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Smallholder farming and farmers in Burma/Myanmar

Websites/Multiple Documents

Title: Farmer Groups & Civil Society (MYLAFF folder)
Description/subject: To access some files, users may have to take out a (free) subscription to MYLAFF at https://groups.google.com/forum/#!forum/mylaff..... (In)Equality and Action: The Role of Women's Training Initiatives in Promoting Women's Leadership Opportunities in Myanmar... Cooperation and Community Empowerment in Myanmar in the Context of Myanmar Agenda 21... Crackdown at Letpadan: Excessive Force and Violations to the Rights to Freedom of Peaceful Assembly and Expression (en)... Crackdown at Letpadan: Excessive Force and Violations to the Rights to Freedom of Peaceful Assembly and Expression (bu)... Lessons Learned From Civil Society Efforts to Promote Community (Forest) Resource Rights and Other Rights in Voluntary Partnership Agreements... Myanmar: Cross-Cutting Governance Challenges... New Actors on the Global Stage - Environmental Adult Education and Activism Emerging from Within Myanmar (Burma)... Stakeholder Engagement and Grievance Mechanisms... လူထုအခြေပြု ဥပဒေရေးရာအထောက်အကူပြုသူဆိုသည်မှာ
Language: English
Source/publisher: MYLAFF
Format/size: html
Alternate URLs: https://groups.google.com/forum/#!forum/mylaff
Date of entry/update: 02 July 2016


Individual Documents

Title: How to Grow Burma’s Economy
Date of publication: 17 August 2016
Description/subject: UK-based author made a list of recommended reads by Bill Gates with his influential book “How Asia Works,” an analysis of success and failure in Asian economies. In his book, Studwell argues that high-performing countries such as Japan, South Korea, Taiwan and China set the foundations for economic success by strengthening smallholder agriculture, subjecting industry to export discipline and pursuing a tightly controlled financial policy. Studwell spoke to The Irrawaddy ahead of his keynote speech at a conference in Naypyidaw on Tuesday on the role of government in supporting smallholder agriculture, to accelerate economic development..."
Author/creator: Sandy Barron (interviews Joe Studwell)
Language: English
Source/publisher: "The Irrawaddy"
Format/size: html
Date of entry/update: 18 August 2016


Title: Myanmar's Smart Farmers - How low-cost solutions are keeping farmers in Myanmar one step ahead of climate change. (video)
Date of publication: 04 May 2015
Description/subject: "Practically isolated from the global market for 50 years, Myanmar is still largely dependent on agriculture. But the country is one of the most at risk from climate change and no one feels these pressures more than the rural smallholder farmers who make up the backbone of its food system and rural economy. Shorter monsoons and rising temperatures mean severe droughts have become more frequent in recent decades. This has led to higher levels of saltwater intrusion in important rice growing territories and an increase in the risk of complete crop failure. Proximity Designs is a social enterprise which was founded to provide farmers with low-cost, low-tech equipment to help them adapt and thrive in their changing environment. They ensure their products are both affordable and suitable by employing a team of data-gatherers to conduct thorough research within the farming communities. And thanks to a network of some 900 scooter-driving "field agents", their products can even find their way to the most remote parts of the country. Russell Beard travels to Myanmar to meet the innovators behind Proximity Designs and to see how their products and expertise are helping farmers stay one step ahead in a changing world."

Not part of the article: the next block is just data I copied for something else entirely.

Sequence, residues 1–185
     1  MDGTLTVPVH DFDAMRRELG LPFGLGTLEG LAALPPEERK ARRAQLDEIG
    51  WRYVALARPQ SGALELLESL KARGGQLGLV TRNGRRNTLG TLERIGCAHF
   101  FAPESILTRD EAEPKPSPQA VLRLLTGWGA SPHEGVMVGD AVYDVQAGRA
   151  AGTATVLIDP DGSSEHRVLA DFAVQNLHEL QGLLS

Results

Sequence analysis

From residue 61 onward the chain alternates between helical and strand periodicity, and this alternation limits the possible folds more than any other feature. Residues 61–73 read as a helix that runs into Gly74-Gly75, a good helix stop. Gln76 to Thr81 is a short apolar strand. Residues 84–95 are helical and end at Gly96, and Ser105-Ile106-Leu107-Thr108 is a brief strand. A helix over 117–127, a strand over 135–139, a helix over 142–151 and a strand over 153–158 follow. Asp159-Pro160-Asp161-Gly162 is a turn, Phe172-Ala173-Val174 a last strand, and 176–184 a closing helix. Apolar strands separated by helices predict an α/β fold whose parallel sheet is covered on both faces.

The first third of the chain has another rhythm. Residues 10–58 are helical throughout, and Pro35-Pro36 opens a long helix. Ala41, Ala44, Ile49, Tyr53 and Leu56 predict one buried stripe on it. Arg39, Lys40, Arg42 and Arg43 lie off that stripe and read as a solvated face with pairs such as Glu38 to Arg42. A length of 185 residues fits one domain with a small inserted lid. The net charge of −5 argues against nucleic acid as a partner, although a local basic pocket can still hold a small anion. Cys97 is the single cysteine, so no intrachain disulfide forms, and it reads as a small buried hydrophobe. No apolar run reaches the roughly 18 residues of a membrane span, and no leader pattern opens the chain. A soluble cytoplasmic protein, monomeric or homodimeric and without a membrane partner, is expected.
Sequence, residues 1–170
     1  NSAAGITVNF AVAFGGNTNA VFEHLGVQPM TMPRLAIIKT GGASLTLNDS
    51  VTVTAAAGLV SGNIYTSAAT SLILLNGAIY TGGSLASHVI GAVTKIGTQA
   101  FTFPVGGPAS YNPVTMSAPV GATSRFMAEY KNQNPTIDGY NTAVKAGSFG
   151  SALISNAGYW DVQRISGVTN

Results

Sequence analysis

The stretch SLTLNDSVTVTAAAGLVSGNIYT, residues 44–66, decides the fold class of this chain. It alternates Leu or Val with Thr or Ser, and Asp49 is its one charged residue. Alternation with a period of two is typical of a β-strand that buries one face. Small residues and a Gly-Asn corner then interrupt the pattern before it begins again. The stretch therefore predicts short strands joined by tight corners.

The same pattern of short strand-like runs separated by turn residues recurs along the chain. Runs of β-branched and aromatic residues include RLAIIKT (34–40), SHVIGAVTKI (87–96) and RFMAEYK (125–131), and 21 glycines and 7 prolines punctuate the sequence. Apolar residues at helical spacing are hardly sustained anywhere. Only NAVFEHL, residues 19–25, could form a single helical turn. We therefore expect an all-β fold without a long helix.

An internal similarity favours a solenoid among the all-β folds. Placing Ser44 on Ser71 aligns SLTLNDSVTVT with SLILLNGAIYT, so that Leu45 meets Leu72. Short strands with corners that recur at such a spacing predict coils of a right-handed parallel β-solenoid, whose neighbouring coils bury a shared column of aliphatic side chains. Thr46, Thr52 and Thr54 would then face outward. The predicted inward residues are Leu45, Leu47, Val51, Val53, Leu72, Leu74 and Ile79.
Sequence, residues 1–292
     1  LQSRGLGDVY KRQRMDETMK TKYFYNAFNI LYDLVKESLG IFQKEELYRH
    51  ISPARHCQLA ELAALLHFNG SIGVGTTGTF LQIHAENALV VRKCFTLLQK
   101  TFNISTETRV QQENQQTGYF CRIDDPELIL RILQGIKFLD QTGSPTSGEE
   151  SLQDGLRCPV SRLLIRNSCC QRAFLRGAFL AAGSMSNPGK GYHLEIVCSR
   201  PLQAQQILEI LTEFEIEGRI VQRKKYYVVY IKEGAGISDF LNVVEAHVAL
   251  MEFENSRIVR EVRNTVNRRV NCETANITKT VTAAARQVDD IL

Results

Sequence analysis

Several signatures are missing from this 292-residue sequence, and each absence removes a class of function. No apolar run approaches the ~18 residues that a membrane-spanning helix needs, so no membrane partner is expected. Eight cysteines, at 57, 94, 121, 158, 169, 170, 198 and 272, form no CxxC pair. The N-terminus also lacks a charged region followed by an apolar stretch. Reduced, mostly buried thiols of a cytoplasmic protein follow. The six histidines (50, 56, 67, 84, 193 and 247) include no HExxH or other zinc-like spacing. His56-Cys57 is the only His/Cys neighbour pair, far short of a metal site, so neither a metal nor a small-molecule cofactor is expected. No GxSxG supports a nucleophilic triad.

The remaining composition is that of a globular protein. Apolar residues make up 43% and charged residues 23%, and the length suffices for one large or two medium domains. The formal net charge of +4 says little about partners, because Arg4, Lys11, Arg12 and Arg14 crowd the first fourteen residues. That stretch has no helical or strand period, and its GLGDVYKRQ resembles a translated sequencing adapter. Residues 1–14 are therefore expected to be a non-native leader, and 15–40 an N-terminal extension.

Author/creator: Russell Beard
Language: English, Burmese (ျမန္မာဘာသာ)
Source/publisher: Al Jazeera (Earthrise)
Format/size: Adobe Flash (15 minutes)
Date of entry/update: 24 August 2015


Title: Alternatives to Land Grabbing: Smallholder Engagement in Commodity Booms in Southeast Asia
Date of publication: May 2015
Description/subject: Abstract: "Given the widespread smallholder impulse to engage in commodity booms in Southeast Asia and the potential for this engagement to offer a more inclusive development pathway than large-scale plantation production, we examine three issues: Wh at are the agro-economic factors favouring or obstructing smallholder modes of commodity production relative to large-scale production entities? What are the incentives for agribusiness firms to contribute to smallholder commodity production through roles other than direct farm management? Can smallholder commodity production be broadly inclusive in the face of tendencies towards agrarian differentiation and the market imperatives of agribusiness firms? We present a preliminary exploration of these questions through localised case studies of smallholder engagement with four commodity sectors – oil palm, rubber, cassava, and teak."
Author/creator: Rob Cramb,Vongpaphane Manivong, Jonathan Newby, Kem Sothorn, Patrick Sujang
Language: English
Source/publisher: An international academic conference June 2015, Chiang Mai University
Format/size: pdf (414K)
Date of entry/update: 10 January 2016


Title: On The Land We Live - A film about land reform in Myanmar (video)
Date of publication: 17 March 2015